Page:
TUESDAY
December 26, 2000
volume 11, no. 273


LITURGY for Tuesday and Wednesday, December 26 and 27, 2000

Tuesday, December 26, 2000

      First Reading: Acts 6: 8-10; 7: 54-59
      Psalms: Psalm
      Gospel Reading: Matthew 10: 17-22

Feast of Saint Stephen, First Martyr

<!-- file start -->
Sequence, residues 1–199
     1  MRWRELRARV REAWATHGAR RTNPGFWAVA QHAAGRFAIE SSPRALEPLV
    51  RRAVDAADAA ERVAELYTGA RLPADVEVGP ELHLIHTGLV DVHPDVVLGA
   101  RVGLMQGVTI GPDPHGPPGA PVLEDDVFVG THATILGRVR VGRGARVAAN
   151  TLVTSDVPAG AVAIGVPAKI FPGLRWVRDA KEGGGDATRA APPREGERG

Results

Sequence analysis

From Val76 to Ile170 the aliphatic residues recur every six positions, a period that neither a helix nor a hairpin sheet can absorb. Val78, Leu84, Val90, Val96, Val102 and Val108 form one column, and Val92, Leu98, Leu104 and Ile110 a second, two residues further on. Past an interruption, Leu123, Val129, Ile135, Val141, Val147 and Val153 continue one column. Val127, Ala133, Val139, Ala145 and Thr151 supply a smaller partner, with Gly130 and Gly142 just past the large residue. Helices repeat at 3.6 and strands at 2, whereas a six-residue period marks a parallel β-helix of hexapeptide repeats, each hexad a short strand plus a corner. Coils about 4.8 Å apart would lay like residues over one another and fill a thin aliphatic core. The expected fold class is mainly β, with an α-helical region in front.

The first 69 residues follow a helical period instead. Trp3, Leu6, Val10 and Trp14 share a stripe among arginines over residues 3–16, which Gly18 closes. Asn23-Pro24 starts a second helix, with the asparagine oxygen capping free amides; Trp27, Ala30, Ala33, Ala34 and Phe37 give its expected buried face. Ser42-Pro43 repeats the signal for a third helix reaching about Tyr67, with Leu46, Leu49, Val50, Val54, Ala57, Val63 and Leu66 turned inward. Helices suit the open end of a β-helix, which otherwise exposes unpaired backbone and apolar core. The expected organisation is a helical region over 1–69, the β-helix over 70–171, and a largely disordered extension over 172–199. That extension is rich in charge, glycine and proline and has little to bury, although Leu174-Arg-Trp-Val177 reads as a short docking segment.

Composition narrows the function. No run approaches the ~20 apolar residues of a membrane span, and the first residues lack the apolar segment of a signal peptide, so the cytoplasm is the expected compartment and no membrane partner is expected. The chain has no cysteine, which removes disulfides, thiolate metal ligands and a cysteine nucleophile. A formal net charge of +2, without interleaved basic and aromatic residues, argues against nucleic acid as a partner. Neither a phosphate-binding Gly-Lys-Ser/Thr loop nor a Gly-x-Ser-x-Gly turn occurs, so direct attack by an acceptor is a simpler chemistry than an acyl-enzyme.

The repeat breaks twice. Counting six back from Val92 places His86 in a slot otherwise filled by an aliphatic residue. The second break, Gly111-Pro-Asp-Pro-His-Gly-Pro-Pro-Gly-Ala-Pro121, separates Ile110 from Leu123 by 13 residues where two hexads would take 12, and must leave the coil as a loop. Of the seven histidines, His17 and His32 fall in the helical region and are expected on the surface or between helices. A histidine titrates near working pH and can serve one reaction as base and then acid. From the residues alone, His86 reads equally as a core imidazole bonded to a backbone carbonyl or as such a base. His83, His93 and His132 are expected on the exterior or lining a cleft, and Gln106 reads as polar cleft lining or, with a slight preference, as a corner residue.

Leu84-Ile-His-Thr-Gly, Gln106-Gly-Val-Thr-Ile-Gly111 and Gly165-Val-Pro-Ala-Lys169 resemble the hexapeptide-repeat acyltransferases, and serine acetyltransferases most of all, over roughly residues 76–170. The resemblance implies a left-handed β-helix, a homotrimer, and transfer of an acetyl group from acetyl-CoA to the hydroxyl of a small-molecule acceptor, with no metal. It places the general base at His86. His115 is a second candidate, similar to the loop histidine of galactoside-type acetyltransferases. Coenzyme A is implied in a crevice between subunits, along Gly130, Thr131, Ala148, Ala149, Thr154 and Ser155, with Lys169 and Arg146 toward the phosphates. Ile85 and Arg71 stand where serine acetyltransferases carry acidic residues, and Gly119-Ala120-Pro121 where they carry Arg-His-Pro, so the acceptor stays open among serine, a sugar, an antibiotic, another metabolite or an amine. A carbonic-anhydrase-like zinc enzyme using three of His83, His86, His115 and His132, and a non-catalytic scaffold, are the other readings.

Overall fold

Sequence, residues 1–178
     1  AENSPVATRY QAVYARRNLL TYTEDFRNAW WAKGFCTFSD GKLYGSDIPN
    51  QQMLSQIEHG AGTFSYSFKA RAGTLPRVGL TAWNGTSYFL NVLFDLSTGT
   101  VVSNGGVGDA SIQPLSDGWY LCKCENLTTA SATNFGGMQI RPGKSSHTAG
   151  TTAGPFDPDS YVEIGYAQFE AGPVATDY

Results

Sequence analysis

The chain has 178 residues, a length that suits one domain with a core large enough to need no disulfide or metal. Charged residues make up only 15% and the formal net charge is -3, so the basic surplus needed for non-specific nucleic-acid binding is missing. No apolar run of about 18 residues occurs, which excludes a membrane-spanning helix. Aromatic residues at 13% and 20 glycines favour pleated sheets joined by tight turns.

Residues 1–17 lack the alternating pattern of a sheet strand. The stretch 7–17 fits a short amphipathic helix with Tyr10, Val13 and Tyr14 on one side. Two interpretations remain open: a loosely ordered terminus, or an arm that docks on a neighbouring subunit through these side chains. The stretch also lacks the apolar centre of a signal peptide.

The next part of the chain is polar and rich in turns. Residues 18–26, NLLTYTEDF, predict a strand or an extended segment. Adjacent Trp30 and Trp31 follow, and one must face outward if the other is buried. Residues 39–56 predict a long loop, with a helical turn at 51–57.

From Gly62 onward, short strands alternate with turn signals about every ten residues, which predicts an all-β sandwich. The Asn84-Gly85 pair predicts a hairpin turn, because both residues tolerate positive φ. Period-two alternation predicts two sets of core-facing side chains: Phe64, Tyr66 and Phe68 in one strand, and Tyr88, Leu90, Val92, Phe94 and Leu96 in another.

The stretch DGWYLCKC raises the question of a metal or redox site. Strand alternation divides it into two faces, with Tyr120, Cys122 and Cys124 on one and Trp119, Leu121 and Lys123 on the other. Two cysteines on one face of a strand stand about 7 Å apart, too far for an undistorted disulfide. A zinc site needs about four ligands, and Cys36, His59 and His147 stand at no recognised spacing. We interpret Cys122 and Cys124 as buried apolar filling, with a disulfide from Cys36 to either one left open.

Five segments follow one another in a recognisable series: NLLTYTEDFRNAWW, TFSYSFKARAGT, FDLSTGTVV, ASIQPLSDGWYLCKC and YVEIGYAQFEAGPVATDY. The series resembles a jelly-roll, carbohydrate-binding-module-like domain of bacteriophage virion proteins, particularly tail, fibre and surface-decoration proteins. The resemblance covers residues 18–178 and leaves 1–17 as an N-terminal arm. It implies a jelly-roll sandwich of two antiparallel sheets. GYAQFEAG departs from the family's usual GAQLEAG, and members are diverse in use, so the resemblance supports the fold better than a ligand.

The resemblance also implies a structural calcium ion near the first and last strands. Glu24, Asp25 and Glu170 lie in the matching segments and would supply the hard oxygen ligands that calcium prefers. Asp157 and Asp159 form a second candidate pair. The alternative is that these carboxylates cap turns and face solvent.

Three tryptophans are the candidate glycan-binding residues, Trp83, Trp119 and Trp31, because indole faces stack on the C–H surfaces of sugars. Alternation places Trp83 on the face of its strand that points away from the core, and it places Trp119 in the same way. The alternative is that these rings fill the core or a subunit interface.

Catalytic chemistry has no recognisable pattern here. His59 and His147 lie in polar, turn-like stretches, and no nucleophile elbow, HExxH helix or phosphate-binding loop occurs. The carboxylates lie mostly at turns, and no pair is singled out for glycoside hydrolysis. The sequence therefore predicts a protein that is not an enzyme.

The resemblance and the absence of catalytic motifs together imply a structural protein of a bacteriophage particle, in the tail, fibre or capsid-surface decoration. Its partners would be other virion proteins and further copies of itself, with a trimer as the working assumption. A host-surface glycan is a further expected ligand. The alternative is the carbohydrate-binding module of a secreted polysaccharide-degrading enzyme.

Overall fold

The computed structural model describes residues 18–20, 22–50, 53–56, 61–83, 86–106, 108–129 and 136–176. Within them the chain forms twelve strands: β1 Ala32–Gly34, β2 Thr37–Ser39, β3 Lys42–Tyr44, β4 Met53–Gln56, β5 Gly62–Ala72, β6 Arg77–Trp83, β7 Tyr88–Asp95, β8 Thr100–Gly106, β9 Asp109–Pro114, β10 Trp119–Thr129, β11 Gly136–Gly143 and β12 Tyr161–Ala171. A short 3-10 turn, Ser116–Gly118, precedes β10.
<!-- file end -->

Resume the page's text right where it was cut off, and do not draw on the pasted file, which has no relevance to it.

The first deacon of the Church, Saint Stephen was hand-picked by the Apostles to help the original twelve to minister to the poor. He was of Jewish descent who spoke Greek fluently from his education in Alexandria. Returning to Jerusalem he was converted to Christianity, many feel by Jesus Christ Himself during Our Lord's public ministry. After the descent of the Holy Spirit the Apostles ordained the seven deacons by laying their hands upon them while they prayed with Stephen being the first ordained. The deacons main ministry was to the Hellenic Jewish Christians in Jerusalem and Stephen, with his expertise in Greek and oratory, led the deacons in converting numerous Jews which caused great consternation among the Sanhedrin who accused Stephen of blasphemy because their best could not debate the brilliant Stephen who was inspired by the Holy Spirit. Chapter 6 and 7 of the Acts of the Apostle relate the events that took place leading up to Stephen's martyrdom. When brought before the Sanhedrin as a prisoner, the assembled body thought that if they threatened punishment, he would recant and cease his activities. Were they in for a surprise when Stephen defended Christ and His teachings. When the Sanhedrin denounced the Holy Spirit as a lot of hogwash and ordered him to stop preaching, Stephen smiled and described the instantaneous beautiful vision he had of Jesus standing at the right hand of God the Father, continuing about Jesus that he did not die but rose from the dead and ascended bodily into Heaven. In short, he not only refused to abandon his Savior, but also pinged the consciences of the Sanhedrin by reminding them of what God had intended with His chosen race of Israel, but which they had abandoned. This infuriated the pompous rulers; so much so that they siezed him in a fit of anger and dragged him outside the city where they stoned him to death, as Stephen prayed, "Lord Jesus, receive my spirit...Lord, do not lay this sin against them" (Acts 7:59-60). As Scripture accounts, there was a young soldier standing by who approved of the zealots violence. His name was Saul who would go on to become the great Paul, but for now he was still mired in the darkness as the lifeless Stephen laid in his own spilled blood, crushed to death. It was the first martyrdom of the Church after Christ's death on the Cross and it set a precedent and pattern that would be the seeds of Christianity for all time. His relics were discovered near the north gate of Jerusalem and the bishop of Jerusalem transferred them to Saint Sion. In 439 a new basilica was built in his honor, but was destroyed in 614 by the Persians. However the relics were preserved and the ruins became an oratory only to be destroyed again in 1187. His relics were preserved and separated, some going to northern Africa, others to Prague, some to Constantinople and the rest to Rome where they were preserved in the church of St. Stephen in Rome. It wasn't until 1882 that the original church in Jerusalem was rebuilt near the Dominican Biblical School, where it was consecrated at the turn of the century. His feast has been celebrated in the universal Church since the 5th Century.